With oil trading at about $130 a barrel in New York and London markets and gas at the pump inching toward $4 a gallon in the United States, some international relief agencies have found the task of getting assistance to hurting people more challenging than ever.
“For one thing, it’s getting more difficult to get airline tickets,” said Dick Talley, logistics coordinator for Texas Baptist Men. “There are fewer flights with fewer seats available.”
Airlines that may have provided special discounts to nonprofit humanitarian groups in the past are less likely to give up potential revenue when operating costs are high.
“Supply and demand means we have to buy more expensive seats on planes to get our people on the field,” Talley said.
What’s true for passengers also goes for cargo, Talley noted.
Rising costs of shipping equipment to areas for disaster relief or economic development projects has forced providers to find other ways of providing water purifiers, well-drilling equipment and other materials to remote areas.
For instance, in the Congo, Texas Baptist Men discovered a village could only afford to operate equipment that provided pure water for residents for two hours a day because it was powered by a diesel engine, and diesel fuel costs topped $10 a gallon.
To meet that need, TBM found a source that could provide solar panels to operate the equipment.
Food shipments create a different set of challenges. Global food prices nearly doubled in the last three years, the Washington-based Bread for the World organization noted. Prices of basic commodities—rice, wheat, corn and soy—have spiked in recent months.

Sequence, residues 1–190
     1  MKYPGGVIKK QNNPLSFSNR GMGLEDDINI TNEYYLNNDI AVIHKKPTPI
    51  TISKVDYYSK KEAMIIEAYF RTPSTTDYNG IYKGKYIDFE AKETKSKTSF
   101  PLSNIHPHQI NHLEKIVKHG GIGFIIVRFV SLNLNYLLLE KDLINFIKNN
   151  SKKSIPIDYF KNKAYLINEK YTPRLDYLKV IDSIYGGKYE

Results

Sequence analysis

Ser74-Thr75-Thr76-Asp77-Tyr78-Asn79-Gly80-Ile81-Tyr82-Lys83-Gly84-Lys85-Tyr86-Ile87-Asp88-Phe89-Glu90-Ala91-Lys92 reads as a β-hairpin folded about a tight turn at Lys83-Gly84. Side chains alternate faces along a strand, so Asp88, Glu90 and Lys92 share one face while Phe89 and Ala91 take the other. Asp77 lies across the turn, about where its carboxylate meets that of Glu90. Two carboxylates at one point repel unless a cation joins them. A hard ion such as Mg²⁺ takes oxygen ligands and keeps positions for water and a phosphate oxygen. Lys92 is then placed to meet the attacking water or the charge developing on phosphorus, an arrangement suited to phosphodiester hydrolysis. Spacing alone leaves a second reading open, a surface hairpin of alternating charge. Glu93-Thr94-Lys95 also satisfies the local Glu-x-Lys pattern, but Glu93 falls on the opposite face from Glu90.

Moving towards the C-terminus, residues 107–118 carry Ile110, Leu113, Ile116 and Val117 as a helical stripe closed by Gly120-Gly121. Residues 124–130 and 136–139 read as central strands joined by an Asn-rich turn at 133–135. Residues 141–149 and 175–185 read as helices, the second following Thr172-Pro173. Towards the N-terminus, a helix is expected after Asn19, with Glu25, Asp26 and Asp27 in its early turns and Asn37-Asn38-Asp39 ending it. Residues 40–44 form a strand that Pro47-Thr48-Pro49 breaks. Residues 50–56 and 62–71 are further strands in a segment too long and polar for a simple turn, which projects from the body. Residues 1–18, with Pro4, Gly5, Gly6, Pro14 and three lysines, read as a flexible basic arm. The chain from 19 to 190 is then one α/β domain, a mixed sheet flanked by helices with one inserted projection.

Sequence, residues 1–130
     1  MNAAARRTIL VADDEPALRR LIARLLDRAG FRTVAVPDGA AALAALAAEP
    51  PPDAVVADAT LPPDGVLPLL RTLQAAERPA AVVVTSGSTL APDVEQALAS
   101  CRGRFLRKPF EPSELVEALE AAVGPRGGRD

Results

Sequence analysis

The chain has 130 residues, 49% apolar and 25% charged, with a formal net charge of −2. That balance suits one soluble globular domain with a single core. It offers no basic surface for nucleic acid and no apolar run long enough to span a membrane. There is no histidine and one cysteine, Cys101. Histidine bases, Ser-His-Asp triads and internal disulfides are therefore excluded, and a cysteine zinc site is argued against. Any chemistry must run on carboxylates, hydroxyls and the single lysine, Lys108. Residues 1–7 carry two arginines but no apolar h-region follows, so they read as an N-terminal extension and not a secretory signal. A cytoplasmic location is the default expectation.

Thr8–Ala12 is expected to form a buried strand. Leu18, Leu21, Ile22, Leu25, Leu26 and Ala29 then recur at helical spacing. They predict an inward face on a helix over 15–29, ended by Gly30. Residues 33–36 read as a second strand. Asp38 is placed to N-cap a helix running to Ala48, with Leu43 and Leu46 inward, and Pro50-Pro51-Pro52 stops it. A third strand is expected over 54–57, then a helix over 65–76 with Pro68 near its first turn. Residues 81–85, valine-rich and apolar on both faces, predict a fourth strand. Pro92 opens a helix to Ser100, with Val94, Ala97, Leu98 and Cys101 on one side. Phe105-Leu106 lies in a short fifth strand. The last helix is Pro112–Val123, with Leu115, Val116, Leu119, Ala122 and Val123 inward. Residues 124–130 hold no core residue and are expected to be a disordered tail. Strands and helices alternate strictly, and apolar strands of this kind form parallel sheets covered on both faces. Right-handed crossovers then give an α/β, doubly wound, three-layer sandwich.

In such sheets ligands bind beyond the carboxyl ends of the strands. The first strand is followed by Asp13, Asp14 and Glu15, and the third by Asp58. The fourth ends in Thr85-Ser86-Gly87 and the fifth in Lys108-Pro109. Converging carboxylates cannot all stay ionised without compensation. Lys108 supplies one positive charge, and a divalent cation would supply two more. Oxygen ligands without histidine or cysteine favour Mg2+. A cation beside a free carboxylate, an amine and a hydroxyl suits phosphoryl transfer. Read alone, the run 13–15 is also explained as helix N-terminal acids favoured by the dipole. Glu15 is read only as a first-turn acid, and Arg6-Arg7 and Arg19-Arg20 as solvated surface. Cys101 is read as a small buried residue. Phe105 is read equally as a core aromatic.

Already, high oil prices contributed to the cost of producing, packaging, storing and shipping food.
Droughts, cyclones, typhoons and other natural disasters in some parts of the world make the situation even worse, Talley noted.
“Myanmar was the rice bowl of the world,” he said, pointing to the loss in agricultural production expected following a devastating cyclone.
When possible, Baptist relief groups purchase food locally or regionally—both to stimulate the economy in the area needing assistance and to eliminate long-distance transportation costs, said Joe Haag of the Baptist General Convention of Texas Christian Life Commission, who administers the Texas Baptist Offering for World Hunger.